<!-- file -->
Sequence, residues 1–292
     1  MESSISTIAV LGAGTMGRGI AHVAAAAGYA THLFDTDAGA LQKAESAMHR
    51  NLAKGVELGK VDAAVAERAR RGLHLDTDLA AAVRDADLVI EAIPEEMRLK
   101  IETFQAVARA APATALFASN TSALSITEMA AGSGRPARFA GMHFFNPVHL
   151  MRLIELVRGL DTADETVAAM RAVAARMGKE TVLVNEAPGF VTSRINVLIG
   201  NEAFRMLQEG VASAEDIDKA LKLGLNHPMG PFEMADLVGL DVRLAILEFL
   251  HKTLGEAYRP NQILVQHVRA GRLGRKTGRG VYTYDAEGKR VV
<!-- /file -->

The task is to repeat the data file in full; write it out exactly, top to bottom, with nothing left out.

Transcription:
Sequence, residues 1–292
     1  MESSISTIAV LGAGTMGRGI AHVAAAAGYA THLFDTDAGA LQKAESAMHR
    51  NLAKGVELGK VDAAVAERAR RGLHLDTDLA AAVRDADLVI EAIPEEMRLK
   101  IETFQAVARA APATALFASN TSALSITEMA AGSGRPARFA GMHFFNPVHL
   151  MRLIELVRGL DTADETVAAM RAVAARMGKE TVLVNEAPGF VTSRINVLIG
   201  NEAFRMLQEG VASAEDIDKA LKLGLNHPMG PFEMADLVGL DVRLAILEFL
   251  HKTLGEAYRP NQILVQHVRA GRLGRKTGRG VYTYDAEGKR VV